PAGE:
PRESPES, Greece/ BITOLA, Macedonia (Reuters) – Greece and Macedonia defied protests and set aside three decades of dispute on Sunday as they agreed on a new name for the Balkan state, potentially paving the way for Macedonia’s admission to the European Union and NATO.
The foreign ministers of Greece and Macedonia signed an accord to rename the former Yugoslav republic the “Republic of North Macedonia,” despite a storm of protest over a deal seen as a national sellout by some on both sides.
In the idyllic setting of Prespes, a lake region that borders Greece, Macedonia and Albania, officials from the two countries embraced, shook hands and penned a deal in the presence of European and United Nations officials.
The agreement still requires the approval of both parliaments and a referendum in Macedonia. That approval is far from assured, as it faces stiff opposition from the Greek public, and Macedonia’s president has vowed to block the deal.
“We have a historic responsibility that this deal is not held in abeyance, and I am confident that we will manage it,” Greek Prime Minister Alexis Tsipras said as he and his Macedonian counterpart Zoran Zaev received a standing ovation from guests at the lakeside ceremony.
Tsipras survived a no-confidence vote mounted by Greece’s opposition in parliament on Saturday, but the depth of public emotion against the deal is strong.
In the Macedonian city of Bitola not far from the Greek border, protesters wrapped in national flags chanted “This is Macedonia” and began to march across the city.
“This shameful deal will not pass, we will defend Macedonia’s name and pride,” said Petre Filipovski, 40, dressed in the trademark red T-shirt of the opposition VMRO-DPMNE party.
In the Greek village of Pisoderi, protesters carried a giant Greek flag and one group clashed with riot police on a mountain slope as they tried to break the cordon. Others chanted the Greek national anthem.
Up to 70 percent of Greeks object to the compromise, an opinion poll by the Proto Thema newspaper showed on Saturday. In Psarades, the tiny lakeside community where the deal was signed, the village church bell tolled in mourning, draped in a Greek flag.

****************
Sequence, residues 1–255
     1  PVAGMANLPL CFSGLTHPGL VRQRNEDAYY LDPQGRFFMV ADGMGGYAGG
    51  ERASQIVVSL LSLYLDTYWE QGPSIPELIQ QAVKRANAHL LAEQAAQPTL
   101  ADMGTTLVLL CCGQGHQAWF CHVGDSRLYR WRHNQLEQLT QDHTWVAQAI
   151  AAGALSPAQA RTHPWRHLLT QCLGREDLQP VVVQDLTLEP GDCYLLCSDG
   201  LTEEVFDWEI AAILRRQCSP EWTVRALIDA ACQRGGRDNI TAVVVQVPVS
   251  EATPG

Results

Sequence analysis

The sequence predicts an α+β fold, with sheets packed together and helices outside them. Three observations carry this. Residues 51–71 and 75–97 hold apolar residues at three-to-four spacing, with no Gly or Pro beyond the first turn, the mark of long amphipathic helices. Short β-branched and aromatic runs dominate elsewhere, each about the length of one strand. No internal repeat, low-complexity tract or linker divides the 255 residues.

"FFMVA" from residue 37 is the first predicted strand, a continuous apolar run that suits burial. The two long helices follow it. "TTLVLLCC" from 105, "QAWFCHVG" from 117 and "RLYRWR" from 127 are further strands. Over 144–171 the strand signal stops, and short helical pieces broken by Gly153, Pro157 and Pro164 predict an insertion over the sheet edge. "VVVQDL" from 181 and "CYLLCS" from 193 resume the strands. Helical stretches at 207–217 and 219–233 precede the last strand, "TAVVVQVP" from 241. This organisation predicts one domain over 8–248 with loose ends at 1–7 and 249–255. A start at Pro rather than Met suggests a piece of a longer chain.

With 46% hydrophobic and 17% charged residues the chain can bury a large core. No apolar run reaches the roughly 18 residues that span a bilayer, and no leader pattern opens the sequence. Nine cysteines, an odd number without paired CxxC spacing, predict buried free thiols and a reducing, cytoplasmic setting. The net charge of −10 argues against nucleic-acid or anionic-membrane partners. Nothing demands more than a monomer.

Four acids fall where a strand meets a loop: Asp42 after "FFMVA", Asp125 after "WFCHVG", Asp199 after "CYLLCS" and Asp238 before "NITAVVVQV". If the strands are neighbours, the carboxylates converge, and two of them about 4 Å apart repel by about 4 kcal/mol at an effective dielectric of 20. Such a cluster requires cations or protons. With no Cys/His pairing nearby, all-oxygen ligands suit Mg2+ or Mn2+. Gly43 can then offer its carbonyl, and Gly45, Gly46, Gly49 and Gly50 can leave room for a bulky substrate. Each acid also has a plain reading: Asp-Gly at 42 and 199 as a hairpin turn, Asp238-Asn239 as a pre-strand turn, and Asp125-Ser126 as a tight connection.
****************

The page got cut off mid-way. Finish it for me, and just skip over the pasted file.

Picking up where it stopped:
Others might object, too. “One big concern is Russia. Moscow has noticeably refused to endorse the agreement. It knows that this will see Macedonia join NATO,” said James Ker-Lindsay, professor of politics and policy at St. Mary’s University in London.
“There will be fears that Russia may now try to somehow influence the vote,” Ker-Lindsay said. “Given recent allegations of Moscow’s involvement in other elections and referendums, this will be a real concern for NATO and the EU.”
Under the deal, Greece will lift its objections to the renamed nation joining the EU and NATO.
“Our two countries have to turn from the past and look to the future,” Zaev said. “We were bold enough to take a step forward.”
Greece has been in dispute with Macedonia since 1991 over the former Yugoslav republic’s name, arguing it could imply territorial claims over the Greek province of Macedonia and an appropriation of ancient Greek culture and civilization.
The subject is an emotional one for many Greeks. On Saturday, thousands of protesters outside the parliament building shouted “Traitor, traitor!” as lawmakers debated inside.
Veteran UN mediator Matthew Nimetz, who has been overseeing talks for a quarter century, described the agreement as an honorable deal. It was, he said, an example of “how neighbors can solve a problem if they really work at it”.
“Today is my birthday,” said Nimetz, who turned 79 on Sunday. “I told my family this year I don’t need any gifts because two prime ministers are going to give me a big gift.”